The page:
Arthur Berman on the site oilprice.com reports on an interesting statistic indicating two key trends that should be of interest to transport policy makers in the US.
This figure indicates that vehicle miles travelled are at a record high. For some time, green transport advocates have claimed that what they called "peak car" had been reached, implying that there had been a generational switch away from growing car trips and mileage:
|Gasoline sales and Vehicle miles travelled|
The claim was generally an assertion, whereby it was thought that younger generations preferred to use public transport, were more environmentally conscious and so the age of the private car was starting to wane. This appeared to be an overly simplistic interpretation of data which seemed to reflect that with the economic slowdown associated with the so-called "Global Financial Crisis" (GFC) and high oil prices, that this reflected a cultural trend (one which may seem apparent in some relatively affluent urbanised centres like Berkeley, but which was much more questionable outside the geographic and cultural locations of those who made the claim). That doesn't appear to hold true.
It would be simplistic to say that the drop in oil prices has helped promote demand, but Berman says that the relationship doesn't appear to be that direct, although it undoubtedly helped.
|US gasoline sales related to prices|
This graph indicates that as prices declined, demand did not respond immediately, no doubt because for many the cut in that price was a saving that could be used for other expenditure, not necessarily more transport. Further analysis in the report indicates a lack of price sensitivity around demand for gasoline, but this appears to be a bigger issue when it looks like gasoline is increasingly a less important element in road transport costs.
For those of us in the world of funding and charging roads, the most interesting statistic is how the rise in vehicle miles travelled is not matched by fuel consumption. There was a 3% increase in total vehicle mileage over a year in 2015, but a 2% increase in gasoline sales. Does that mean that increased VMT are resulting in only a 50% increase in fuel consumption? It may be too soon to conclude quite that, but there is definitely a declining correlation between fuel consumption and distance travelled.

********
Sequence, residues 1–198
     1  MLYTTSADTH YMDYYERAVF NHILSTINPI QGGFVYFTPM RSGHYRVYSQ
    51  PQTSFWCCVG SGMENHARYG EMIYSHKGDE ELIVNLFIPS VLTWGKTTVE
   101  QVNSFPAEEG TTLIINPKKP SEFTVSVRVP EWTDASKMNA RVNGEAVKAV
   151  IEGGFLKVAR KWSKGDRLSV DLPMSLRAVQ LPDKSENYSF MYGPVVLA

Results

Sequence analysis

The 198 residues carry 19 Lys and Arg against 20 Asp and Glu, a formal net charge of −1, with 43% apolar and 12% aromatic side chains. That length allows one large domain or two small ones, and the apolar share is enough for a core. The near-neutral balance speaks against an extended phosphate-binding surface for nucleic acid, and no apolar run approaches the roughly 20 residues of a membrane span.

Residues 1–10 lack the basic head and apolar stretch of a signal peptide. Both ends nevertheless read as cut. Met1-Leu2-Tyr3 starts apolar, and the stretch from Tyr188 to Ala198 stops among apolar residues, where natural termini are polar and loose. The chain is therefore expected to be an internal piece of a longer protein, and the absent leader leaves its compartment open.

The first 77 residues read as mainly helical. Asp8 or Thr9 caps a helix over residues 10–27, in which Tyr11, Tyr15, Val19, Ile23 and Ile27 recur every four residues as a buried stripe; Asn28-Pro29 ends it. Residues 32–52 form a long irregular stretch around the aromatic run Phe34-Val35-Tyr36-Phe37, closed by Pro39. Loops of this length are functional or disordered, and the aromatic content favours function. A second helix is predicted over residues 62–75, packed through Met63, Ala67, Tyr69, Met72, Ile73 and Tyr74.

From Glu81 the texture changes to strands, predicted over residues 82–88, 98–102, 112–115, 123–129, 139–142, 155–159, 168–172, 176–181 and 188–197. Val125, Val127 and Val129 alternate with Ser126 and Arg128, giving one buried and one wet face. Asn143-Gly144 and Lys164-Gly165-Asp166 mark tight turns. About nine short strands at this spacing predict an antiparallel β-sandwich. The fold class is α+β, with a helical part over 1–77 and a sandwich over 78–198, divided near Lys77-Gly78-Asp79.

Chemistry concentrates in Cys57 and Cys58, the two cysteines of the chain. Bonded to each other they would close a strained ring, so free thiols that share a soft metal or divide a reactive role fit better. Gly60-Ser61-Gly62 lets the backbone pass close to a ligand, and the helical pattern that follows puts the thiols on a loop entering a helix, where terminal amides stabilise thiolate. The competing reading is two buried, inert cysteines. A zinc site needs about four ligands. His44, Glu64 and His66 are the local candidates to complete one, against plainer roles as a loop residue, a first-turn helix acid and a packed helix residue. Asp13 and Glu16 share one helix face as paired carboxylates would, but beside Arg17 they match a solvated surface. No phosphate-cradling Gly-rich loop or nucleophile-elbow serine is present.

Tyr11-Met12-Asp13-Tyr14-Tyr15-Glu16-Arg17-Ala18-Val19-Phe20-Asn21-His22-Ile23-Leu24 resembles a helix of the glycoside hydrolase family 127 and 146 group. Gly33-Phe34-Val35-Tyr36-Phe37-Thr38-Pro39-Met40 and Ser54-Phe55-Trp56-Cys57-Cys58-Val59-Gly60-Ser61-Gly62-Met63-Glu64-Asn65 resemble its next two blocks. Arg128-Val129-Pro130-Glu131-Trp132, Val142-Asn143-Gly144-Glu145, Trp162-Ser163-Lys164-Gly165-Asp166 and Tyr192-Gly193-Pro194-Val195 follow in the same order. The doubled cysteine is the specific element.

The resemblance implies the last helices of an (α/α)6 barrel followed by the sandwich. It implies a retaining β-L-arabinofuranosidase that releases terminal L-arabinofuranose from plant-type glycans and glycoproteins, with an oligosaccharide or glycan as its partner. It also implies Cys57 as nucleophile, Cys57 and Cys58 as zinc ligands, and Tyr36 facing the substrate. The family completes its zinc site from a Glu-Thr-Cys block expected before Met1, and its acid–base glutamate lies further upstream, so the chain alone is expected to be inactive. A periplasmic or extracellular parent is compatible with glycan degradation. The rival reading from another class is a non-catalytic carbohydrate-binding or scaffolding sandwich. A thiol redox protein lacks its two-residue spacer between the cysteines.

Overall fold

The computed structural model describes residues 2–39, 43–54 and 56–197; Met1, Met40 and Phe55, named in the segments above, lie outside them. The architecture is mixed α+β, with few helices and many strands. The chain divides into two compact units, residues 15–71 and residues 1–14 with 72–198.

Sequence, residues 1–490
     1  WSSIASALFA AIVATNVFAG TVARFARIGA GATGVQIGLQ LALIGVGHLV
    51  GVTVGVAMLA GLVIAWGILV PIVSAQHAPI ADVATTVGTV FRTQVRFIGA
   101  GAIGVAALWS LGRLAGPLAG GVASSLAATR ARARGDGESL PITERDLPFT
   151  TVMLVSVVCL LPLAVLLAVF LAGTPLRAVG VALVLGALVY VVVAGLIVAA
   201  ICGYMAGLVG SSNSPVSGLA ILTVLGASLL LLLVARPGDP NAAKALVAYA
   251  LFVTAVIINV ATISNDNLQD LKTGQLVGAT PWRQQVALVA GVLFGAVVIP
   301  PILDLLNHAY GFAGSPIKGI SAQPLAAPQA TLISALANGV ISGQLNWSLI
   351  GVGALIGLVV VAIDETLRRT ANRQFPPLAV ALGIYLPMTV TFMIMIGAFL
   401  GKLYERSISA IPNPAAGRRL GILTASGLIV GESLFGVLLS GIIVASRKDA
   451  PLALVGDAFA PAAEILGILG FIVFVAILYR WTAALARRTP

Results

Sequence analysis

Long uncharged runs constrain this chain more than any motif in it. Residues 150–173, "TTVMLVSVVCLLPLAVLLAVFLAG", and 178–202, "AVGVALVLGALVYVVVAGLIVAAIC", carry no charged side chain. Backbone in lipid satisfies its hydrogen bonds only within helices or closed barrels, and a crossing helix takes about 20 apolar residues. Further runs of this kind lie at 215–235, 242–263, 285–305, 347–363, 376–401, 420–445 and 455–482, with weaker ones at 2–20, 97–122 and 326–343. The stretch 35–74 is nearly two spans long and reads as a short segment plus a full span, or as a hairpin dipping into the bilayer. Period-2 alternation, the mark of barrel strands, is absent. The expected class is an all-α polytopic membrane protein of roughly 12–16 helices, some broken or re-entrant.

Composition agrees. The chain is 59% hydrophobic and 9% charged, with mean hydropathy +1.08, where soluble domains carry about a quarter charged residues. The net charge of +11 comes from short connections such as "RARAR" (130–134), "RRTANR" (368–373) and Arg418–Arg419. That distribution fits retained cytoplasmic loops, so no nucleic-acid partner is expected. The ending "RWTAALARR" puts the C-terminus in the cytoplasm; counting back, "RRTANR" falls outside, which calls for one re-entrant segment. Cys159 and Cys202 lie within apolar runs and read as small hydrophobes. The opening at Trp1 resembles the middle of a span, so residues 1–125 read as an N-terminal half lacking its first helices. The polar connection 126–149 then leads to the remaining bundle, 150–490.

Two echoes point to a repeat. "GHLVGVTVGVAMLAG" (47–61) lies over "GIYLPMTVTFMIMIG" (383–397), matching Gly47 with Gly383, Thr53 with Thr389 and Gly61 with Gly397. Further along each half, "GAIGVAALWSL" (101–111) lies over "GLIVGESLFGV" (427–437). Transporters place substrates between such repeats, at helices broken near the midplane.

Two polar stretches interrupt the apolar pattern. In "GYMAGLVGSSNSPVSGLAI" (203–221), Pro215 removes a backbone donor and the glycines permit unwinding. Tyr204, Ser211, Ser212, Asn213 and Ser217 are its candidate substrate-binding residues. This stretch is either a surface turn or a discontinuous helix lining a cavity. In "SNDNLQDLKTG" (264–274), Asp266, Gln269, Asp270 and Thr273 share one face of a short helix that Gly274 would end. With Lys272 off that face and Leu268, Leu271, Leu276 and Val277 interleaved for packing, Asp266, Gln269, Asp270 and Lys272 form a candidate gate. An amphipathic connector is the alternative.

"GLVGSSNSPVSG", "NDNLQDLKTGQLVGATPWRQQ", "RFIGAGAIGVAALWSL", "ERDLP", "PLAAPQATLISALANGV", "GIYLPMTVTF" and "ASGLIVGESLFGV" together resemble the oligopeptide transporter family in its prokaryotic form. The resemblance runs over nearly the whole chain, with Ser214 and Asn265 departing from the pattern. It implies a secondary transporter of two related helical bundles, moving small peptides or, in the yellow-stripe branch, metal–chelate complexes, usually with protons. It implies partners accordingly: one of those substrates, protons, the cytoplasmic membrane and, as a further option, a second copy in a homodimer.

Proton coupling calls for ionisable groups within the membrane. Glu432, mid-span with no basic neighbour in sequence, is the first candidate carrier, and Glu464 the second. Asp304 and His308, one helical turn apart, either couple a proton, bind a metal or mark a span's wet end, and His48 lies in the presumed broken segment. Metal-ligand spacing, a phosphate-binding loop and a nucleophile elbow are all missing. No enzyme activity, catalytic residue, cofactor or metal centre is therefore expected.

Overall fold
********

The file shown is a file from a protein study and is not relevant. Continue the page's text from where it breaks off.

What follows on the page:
Inflation adjusting fuel tax wont be enough
What this means is clear. Even inflation adjustment of fuel tax wont be enough to offset ever declining yields. Higher traffic levels don't necessarily mean proportionate increases in road maintenance costs, unless the increase is from heavy vehicles. Around 40-60% of road maintenance costs may be fixed, and unrelated to traffic volumes, but increases in traffic do tend to mean increased capital spending on improving capacity at bottlenecks. So continuing to use fuel taxes to recover road capital and maintenance costs is not going to be sustainable (and inflation adjustment is likely to only to delay the inevitable by a few years).
Alternatives will have to be found, unless it is deemed politically and economically desirable to simply keep increasing fuel tax, with the costs of road infrastructure falling on a reducing proportion of road users. Taxation of vehicle ownership has its own limitations, as it imposes deadweight economic costs that distort wider economic activities. The most economically advantageous approach would be to move towards charging for road use.
Some jurisdictions are using tolls as a way of achieving this, although tolls may be viable for major highways and crossings, they will not enable efficient charging of all roads. Only charges based on distance or time will do this.
So it will be the likes of Oregon and California, pioneering such options in the US, that will be ahead of this. Charging by distance or time (and by time I mean actual time on the network, not so much prepaying like a vignette in Europe), with factors for vehicle size and weight, will far more accurately charge for road infrastructure costs than a proxy such as fuel consumption. There is also more potential to charge varying by location, to reflect infrastructure costs and time to reflect congestion factors, but these are neither necessary, nor always desirable.
The issue of fuel use vs. road use is one of sustainable revenues at the moment, it is increasingly going to be an issue of equity, for it is difficult to see why the motorist who buys a Tesla and pays nothing to use the roads, should be subsidised by the low income motorist with a twenty year old 6-cylinder car.